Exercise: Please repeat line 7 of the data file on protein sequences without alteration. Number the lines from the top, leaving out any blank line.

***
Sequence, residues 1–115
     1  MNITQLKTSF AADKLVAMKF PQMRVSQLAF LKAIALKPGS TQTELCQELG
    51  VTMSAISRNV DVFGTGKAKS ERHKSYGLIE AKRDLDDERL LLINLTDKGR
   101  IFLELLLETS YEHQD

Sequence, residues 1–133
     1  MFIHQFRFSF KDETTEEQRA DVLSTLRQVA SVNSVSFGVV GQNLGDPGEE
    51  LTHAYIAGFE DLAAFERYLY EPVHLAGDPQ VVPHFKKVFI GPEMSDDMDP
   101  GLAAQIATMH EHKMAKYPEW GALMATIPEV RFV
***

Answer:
    51  LTHAYIAGFE DLAAFERYLY EPVHLAGDPQ VVPHFKKVFI GPEMSDDMDP